Review: Lady Jayne Disappears – Joanna Davidson Politano

Joanna Davidson Politano. Lady Jayne Disappears. Grand Rapids, MI: Revell, 2017.

Oftentimes, I find myself reading and reviewing books in a very different order from the finalized order that I post them.  Some books are unexpectedly disappointing, while others are surprisingly remarkable.  This debut novel is definitely one of the most impressive releases of the last several months and I am very excited to share it with all of you.

In Victorian England, most relatives of wealthy families and famous fathers live in large, luxurious homes.  Instead, Aurelie Harcourt grew up in debtor’s prison alongside her father, who the rest of England knows as the mysterious and highly-successful serial author, Nathaniel Droll.  After her father dies, Aurelie goes to live with her father’s remaining family members at the large estate that Nathaniel Droll made famous in his novels.  She decides to finish writing her father’s last serial novel about her mother’s disappearance by discovering what actually happened at the estate around the time of her own birth.  With the help of a secretive houseguest, Silas Rotherham, Aurelie soon finds that Lady Jayne’s disappearance may just be the beginning of the family’s many secrets, including those surrounding the unexpected truth of Nathaniel Droll’s demise.

Ms. Politano marks her debut with a delightful story set in Victorian England.  With complex characters, fascinating twists and turns, and a mysterious plot, readers of Christian historical fiction will definitely enjoy reading Lady Jayne Disappears.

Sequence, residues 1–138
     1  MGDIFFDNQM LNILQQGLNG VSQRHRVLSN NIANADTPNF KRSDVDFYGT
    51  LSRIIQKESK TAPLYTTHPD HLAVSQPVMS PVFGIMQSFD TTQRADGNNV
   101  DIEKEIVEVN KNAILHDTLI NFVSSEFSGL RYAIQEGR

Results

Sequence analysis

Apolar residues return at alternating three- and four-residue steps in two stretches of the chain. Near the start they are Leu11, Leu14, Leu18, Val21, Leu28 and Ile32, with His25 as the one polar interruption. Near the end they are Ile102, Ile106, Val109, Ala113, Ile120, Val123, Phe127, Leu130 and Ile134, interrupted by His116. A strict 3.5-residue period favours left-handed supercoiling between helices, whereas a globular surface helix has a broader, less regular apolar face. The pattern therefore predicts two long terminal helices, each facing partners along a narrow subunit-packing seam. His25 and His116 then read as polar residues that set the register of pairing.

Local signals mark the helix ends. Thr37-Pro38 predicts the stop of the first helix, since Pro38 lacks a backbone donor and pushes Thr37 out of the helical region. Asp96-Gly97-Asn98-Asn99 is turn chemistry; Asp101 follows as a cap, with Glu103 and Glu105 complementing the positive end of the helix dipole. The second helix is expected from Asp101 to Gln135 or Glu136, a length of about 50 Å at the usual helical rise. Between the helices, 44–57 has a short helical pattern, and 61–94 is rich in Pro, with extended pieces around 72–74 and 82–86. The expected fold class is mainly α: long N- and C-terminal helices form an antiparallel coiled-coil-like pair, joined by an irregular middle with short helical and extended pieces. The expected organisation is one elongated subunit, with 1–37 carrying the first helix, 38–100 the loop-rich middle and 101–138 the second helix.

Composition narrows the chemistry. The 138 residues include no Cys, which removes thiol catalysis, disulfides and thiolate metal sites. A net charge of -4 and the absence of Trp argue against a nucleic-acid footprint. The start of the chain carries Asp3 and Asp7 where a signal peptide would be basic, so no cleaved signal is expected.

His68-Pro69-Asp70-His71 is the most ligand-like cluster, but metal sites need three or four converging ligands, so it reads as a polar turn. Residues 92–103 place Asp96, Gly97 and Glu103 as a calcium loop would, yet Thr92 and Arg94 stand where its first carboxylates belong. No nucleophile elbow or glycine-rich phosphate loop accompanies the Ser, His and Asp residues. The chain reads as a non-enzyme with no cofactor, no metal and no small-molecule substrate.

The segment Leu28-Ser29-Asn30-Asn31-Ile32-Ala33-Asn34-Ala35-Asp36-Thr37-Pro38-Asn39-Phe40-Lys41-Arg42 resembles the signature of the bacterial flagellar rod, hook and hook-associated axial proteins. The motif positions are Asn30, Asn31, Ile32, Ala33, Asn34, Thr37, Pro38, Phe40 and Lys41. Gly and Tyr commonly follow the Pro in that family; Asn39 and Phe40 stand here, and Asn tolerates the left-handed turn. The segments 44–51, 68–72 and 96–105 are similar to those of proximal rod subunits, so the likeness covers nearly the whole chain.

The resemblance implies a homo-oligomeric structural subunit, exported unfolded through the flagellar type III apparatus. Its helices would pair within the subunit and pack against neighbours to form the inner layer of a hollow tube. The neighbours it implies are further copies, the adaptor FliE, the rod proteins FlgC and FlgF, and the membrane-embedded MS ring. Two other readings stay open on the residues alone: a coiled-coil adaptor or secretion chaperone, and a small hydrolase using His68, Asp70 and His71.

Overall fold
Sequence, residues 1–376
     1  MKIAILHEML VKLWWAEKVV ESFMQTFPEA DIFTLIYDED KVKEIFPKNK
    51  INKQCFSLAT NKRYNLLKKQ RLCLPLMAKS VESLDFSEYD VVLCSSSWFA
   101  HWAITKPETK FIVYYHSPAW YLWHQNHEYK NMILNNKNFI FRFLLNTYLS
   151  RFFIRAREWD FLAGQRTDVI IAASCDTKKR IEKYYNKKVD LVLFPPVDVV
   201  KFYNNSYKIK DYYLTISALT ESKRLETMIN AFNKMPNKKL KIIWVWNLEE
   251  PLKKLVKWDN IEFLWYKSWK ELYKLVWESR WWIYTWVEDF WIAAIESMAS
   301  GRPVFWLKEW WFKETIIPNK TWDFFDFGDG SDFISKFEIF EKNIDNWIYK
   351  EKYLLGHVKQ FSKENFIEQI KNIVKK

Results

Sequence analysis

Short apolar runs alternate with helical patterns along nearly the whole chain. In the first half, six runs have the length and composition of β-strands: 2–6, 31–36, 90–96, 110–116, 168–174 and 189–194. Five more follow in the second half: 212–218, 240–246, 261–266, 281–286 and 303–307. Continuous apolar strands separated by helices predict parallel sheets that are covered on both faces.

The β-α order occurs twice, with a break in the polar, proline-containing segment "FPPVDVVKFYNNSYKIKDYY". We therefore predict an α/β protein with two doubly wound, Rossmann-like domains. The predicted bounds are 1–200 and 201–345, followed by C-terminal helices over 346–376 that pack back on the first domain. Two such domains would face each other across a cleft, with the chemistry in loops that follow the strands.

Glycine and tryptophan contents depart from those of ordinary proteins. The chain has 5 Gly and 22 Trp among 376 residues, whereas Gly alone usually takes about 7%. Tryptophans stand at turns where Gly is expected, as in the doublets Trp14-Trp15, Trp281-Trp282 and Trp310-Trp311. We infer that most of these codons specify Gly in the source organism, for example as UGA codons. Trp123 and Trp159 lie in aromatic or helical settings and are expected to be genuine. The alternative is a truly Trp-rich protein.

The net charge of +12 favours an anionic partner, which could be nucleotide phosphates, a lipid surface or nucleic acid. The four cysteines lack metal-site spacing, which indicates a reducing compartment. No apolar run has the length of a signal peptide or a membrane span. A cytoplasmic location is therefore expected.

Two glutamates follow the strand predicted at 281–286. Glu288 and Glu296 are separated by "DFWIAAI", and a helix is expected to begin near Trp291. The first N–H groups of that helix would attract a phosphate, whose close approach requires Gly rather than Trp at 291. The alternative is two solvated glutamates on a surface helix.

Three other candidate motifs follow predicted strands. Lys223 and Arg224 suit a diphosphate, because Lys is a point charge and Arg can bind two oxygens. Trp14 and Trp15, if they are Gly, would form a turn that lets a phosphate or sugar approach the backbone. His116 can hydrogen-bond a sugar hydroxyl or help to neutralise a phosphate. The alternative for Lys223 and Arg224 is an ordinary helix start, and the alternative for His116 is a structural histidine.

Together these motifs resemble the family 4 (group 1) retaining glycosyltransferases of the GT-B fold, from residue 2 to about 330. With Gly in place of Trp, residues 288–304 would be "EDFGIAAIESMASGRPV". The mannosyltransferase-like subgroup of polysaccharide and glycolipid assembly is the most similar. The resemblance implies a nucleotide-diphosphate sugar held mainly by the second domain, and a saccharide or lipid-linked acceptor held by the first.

Overall, I could not say enough good things about Lady Jayne Disappears.  From the publisher’s summary, I expected this novel to be quite dark and mysterious, leaning away from what I normally read.  Instead, the mystery at the heart of the novel was quite accessible and absolutely riveting, without falling into the suspense category.  Additionally, Ms. Politano presents rich historical details and complex characters that feel perfectly natural in their Victorian England setting.  Readers familiar with Charles Dickens’ literary works may also find some unexpected connections in this story, as Ms. Politano presents a unique look at the life of those living in debtor’s prison.  The contrast of Aurelie’s previous life and wealthy family offers a fascinating perspective on the period, while illustrating the power of serial novels and their authors to bridge this gap.  After reading this novel and the sneak preview of Ms. Politano’s next book, I cannot wait to see what she releases next!

Fans of great historical fiction, Christian or otherwise, should definitely add Lady Jayne Disappears to their must-read pile!  Those with a particular interest in Victorian England and great writers of that time will also find this story to be well worth reading.

Special thanks to NetGalley and Revell for the advanced copy of Lady Jayne Disappears!

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Review: Christmas at Carnton – Tamera Alexander

Tamera Alexander. Christmas at Carnton: A Novella. Nashville, TN: Thomas Nelson, 2017.

Christmas stories start being released by publishers during the fall months, to the delight of readers eager for a new story from their favorite authors.  With an advanced copy of Tamera Alexander’s newest Christmas story, I actually ended up reading this book in July!  In spite of the holiday emphasis of the story, I found it to be enjoyable and appropriate for any time of the year.